Unusually tight inventories have driven up the price of the second most popular fertilizer used on the Prairies
Farmers who buy phosphate fertilizer in the summer or fall could be in for sticker shock.
Prices usually drop in the summer, but that is not happening this year because of changing market dynamics, according to a supplier of the product.
Brendon Sayers, Canadian sales manager for EuroChem North America, spoke to a customer recently who is refusing to purchase phosphate at prices higher than he paid this spring.
“Well, good luck with that because it is going to be even higher this fall,” was Sayers’ reply.
Unusually tight inventories have driven up the price of the second most popular fertilizer used on the Prairies.
Statistics Canada reports that 594,000 tonnes of phosphate were shipped in the Prairies between July 2017 and March 2018, which is up from 459,000 tonnes the same period a year ago.
Sayers said retail prices are in the range of $730 to $750 per tonne, up from $680 to $700 per tonne in the spring.
“It’s not the norm, is the problem. Nobody can understand how this could be the case,” he said.
Corrine Ricard, senior vice-president of commercial and supply chain with Mosaic, the world’s largest phosphate manufacturer, shed some light on the situation during the company’s recent webcast announcing its first quarter 2018 results.
“Global demand growth is very strong,” she said in a transcript of the webcast published on the company’s website.
It is expected to grow another 1.8 percent for the remainder of 2018 because of rising demand out of India, Brazil, Asia, Oceania and Africa.
There have also been supply-side adjustments. Mosaic temporarily shut down production at its high cost facility in Plant City, Florida, removing 1.5 million tonnes of annual production.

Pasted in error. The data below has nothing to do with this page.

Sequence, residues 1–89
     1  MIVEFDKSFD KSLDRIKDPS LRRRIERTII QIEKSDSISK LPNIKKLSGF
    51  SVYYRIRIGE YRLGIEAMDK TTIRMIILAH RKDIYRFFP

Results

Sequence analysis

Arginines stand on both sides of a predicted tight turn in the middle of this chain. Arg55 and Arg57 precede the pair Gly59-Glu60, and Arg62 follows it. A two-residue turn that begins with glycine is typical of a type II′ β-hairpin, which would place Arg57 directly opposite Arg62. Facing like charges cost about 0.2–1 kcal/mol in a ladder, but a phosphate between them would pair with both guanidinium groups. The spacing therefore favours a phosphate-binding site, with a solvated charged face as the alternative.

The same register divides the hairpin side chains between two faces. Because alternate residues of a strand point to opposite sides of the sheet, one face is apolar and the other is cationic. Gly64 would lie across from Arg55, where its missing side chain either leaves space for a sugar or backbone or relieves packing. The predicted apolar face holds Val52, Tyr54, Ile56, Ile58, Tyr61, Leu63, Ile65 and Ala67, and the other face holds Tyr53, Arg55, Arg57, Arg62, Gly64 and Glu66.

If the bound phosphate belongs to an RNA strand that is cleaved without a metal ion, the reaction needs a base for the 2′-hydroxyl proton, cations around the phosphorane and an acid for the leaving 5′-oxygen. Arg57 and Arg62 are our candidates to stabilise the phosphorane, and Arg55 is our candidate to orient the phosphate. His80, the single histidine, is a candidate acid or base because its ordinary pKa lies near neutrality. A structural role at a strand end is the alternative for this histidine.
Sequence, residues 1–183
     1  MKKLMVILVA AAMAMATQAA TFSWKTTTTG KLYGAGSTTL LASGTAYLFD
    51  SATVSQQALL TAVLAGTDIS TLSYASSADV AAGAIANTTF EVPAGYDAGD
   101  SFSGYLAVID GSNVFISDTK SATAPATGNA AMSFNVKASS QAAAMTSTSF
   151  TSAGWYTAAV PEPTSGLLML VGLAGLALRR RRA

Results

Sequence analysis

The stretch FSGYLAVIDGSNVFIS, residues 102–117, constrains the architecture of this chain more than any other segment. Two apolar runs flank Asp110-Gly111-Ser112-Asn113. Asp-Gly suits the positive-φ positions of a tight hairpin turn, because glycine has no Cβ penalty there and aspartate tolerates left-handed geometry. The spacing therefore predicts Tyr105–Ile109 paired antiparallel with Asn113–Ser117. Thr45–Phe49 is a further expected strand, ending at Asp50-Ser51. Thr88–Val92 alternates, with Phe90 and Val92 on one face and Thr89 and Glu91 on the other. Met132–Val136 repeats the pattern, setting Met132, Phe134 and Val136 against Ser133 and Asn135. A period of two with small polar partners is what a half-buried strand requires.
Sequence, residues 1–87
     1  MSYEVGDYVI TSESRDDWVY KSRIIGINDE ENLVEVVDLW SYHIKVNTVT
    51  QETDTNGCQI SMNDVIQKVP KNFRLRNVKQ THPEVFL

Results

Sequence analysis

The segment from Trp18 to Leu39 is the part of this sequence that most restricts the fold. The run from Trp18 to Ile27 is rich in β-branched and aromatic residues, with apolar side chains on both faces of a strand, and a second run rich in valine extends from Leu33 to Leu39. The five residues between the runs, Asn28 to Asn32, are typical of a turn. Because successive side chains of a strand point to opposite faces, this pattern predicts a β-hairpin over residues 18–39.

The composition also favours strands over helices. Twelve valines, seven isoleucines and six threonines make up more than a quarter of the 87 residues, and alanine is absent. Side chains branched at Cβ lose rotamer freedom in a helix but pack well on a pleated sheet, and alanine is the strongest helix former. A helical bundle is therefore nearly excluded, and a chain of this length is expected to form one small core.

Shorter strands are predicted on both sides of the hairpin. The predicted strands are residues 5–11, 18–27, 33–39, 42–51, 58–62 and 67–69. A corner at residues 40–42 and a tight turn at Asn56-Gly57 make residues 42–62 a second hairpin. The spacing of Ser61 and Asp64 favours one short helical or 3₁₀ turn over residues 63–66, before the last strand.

There have also been much slower increases in production than expected in Saudi Arabia and Morocco.
“And that, combined with these lower Chinese exports, are creating a pretty tight S&D,” said Ricard.
Michael Rahm, Mosaic’s vice-president of market and strategic analysis, said Chinese exports are down one million tonnes, creating a 1.5 million tonne supply gap in 2018.
“What we are predicting is that the supply and demand balance is such that you’re going to have to see somewhat elevated prices and margins maybe to crimp a little bit of the demand growth but also (to) stimulate a little bit more supply coming from established producers,” he said.
Sayers expects strong prices right through the end of October and perhaps right up until Christmas.
He said the situation is much the same for potash because inventories are tight and demand is strong out of the United States.
Sayers said phosphate application rates are rising because growers are realizing through soil tests that the macronutrient has been mined out of the soil.
He estimates that 90 to 95 percent of all the small crops in Western Canada are receiving some form of phosphate when the seed goes in the ground.